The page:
Joanna Pinkiewicz*
16.01.17 3:45 am

Image for Sexual assaults at the Falls Festival ...

In the aftermath of reported incidents of sexual assault on women, a cultural dialogue and action is desperately needed …

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Politics | International | Local | National | State | Economy | Opinion | Legal | Media | Personal | Society

E-cigarettes should be banned, not promoted by government

Dr Kathryn Barnsley*, http://www.smokefreetasmania.com
16.01.17 3:30 am

Image for E-cigarettes should be banned, not promoted by government

E-cigarettes are not safe …

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Politics | International | National | State | Economy | Environment | Health | Opinion | History | Society

Letters to my grandchildren (21)

Anton Clever*
16.01.17 3:00 am

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Dear Chilliwops, At the start of a new year I thought I would summarise some of the issues I have raised with you in my letters over the last year …

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Writers | Anton Clever | Personal | Society

Avoiding the Sadistic World of Trolls ...

Ted Mead* 'Toon: Leunig, http://www.leunig.com.au/ used with permission
15.01.17 4:05 am

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Trolling is the neo wave of inciting discord. This action appears in all forms of online news, blogs and social media. In many aspects it is destroying the wonders of the Internet messaging forums. So what can be done … ?

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Politics | International | Local | National | State | Blogging | Economy | Environment | Opinion | Media | Society

The Online Editor ...

Leunig, http://www.leunig.com.au/
13.01.17 9:45 am

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Used with permission ...

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Politics | International | National | State | Cartoons | Economy | Society

The Mercury goes shopping at the Boxing Day sales

Bob Burton* First published December 31
05.01.17 3:14 pm

Image for The Mercury goes shopping at the Boxing Day sales

“Retail frenzy: Tasmanians set for $52m Boxing Day blast,” screamed the front-page of the Boxing Day edition of the Mercury, a headline which would have delighted the major retailers whose advertisements accounted for over one-third of the newspaper’s pages that day ... In the world of corporate public relations and marketing a perennial challenge is in repackaging commercial events up to be sufficiently newsworthy in order to garner sales-boosting free media coverage. If the coverage of the Boxing Day sales is anything to go by, PR is winning over journalism big time as narrow corporate financial self-interest is conflated with the public interest.

• Grant in Comments: How can anyone not love the retail and real estate puff pieces that appear regularly in the Mercury? I think they are fantastic and hope everyone went to the Boxing Day sales to keep the cash registers ringing. It’s all that matters surely?

• Paul Carter in Comments: This analysis is worthy but outdated. These erudite energies are best focussed elsewhere. Journalism long ago left the building. The Mercury before it disappears is on track to become a surburban freebie, a Hobart shopper, with 70% ad to 30% editorial content. Its editor rose to that level of journalism and its news editor isn’t a journalist. So I don’t think they share your concern about “journalism”. They are salarymen and women,  content with their journalistic standard. They are not crusaders for your journalism. The business’s only lifeline, the digital paywall, is doomed to fail when so much better is available for free and core advertisers develop their own digital projection platforms for a completely digital savvy audience. For the Mercury, the band is still playing but there’s no more lifeboats. They are presently managing decline. So you are fighting a good fight. It’s just that the fight at this location finished long ago. The dogs bark, but the caravan goes on.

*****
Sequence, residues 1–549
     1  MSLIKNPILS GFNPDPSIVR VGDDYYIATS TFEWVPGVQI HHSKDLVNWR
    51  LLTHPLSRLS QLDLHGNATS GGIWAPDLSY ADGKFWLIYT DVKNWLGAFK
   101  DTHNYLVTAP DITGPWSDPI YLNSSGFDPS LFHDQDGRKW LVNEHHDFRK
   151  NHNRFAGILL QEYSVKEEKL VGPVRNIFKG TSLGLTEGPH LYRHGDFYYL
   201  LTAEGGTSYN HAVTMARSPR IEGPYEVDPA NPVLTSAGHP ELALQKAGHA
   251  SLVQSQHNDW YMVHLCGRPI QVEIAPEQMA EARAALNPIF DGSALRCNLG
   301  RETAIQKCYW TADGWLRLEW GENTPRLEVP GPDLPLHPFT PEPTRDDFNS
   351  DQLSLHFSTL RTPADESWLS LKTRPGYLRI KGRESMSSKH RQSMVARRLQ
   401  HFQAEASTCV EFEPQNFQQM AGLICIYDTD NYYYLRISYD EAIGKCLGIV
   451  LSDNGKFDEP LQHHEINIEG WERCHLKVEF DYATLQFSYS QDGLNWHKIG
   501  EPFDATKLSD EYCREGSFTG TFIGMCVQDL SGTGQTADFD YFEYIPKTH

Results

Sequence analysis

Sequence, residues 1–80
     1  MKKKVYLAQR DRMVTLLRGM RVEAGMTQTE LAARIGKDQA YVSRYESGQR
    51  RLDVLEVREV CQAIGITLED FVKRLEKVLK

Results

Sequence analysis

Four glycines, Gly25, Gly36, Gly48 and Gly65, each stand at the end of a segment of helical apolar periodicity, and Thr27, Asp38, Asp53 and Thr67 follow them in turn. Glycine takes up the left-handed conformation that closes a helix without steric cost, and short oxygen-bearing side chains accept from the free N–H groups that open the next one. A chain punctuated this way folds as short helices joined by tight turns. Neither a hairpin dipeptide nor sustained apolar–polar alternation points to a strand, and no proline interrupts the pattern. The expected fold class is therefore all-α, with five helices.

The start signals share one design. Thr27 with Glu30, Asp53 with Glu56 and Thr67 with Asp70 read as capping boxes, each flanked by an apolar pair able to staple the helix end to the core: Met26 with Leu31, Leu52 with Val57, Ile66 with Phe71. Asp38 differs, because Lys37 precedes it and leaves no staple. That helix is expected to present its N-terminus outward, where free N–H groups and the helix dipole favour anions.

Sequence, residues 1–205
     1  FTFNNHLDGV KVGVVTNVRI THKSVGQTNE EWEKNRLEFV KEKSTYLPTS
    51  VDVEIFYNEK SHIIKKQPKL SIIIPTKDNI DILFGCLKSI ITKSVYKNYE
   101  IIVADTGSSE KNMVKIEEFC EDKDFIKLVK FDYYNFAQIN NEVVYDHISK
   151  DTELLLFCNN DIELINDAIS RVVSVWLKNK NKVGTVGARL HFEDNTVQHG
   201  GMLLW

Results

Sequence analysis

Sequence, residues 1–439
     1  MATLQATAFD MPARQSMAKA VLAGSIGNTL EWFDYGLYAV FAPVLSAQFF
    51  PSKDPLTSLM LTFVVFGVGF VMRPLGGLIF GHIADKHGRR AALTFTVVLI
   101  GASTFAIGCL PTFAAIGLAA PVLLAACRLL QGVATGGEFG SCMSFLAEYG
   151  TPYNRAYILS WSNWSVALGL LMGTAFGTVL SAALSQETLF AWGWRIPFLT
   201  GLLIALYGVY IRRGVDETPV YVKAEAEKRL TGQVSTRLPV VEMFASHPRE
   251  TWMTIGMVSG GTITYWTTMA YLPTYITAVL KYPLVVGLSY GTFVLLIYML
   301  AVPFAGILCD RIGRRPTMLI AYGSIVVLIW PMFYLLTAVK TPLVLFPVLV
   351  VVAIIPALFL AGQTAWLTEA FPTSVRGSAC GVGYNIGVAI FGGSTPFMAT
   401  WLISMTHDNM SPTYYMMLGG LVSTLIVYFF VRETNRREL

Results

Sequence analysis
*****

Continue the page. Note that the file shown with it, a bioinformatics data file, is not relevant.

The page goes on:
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Writers | Bob Burton | Politics | State | Editor's Choice | Media | News

First Day ... January

Kaare Wind
01.01.17 4:39 am

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The photos were all taken on my property at Loyetea, North West Coast …

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Economy | Environment | Society

Comment: Is Bigger Media really a good option for Tasmania’s democracy?

Bob Burton* 'Toon: Leunig, http://www.leunig.com.au/ used with permission ...
28.12.16 5:13 am

Image for Comment: Is Bigger Media really a good option for Tasmania’s democracy?

Most people in Tasmania could be forgiven for not realising that the local media landscape may be about to go through a dramatic shake-up if the Senate bows to pressure from the big private media companies and allows much greater media consolidation. One effect of the demise of newspapers is likely to be that it emboldens those who already wield significant influence behind the scenes – government spin doctors, lobbyists, political donors and powerful lobby groups – to believe that they can get away with far more with little risk of being publicly exposed.

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Writers | Bob Burton | Politics | National | State | Economy | Editor's Choice | Opinion | Media | News | Society

The Chrissy/New Year hiatus ...

Lindsay Tuffin*
23.12.16 11:19 am

Image for The Chrissy/New Year hiatus ...

First of all a huge thanks to the monthly supporters including JB, PJB, AD, AB, Anon, Anon, Anon, Anon, Anon, RCH, Bob, Monthly Subs, O’Dw, N&CG, WB, Andrea, PJG, KR, Ben Bradlee, GC, CG, Gerry, BF, JH among many, many others. Thankyou Guyzzzz … Now to the Chrissy/New Year hiatus ...

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Writers | Lindsay Tuffin | Blogging | Media | Society

A gentle wake ...

Don Knowler* First published December 22
23.12.16 5:45 am

Image for A gentle wake ...

Amid fears about tourism development in Tasmania’s wilderness, Don Knowler takes a cruise on Bathurst Harbour in the remote and pristine south-west which leaves a gentle wake instead of a human footprint.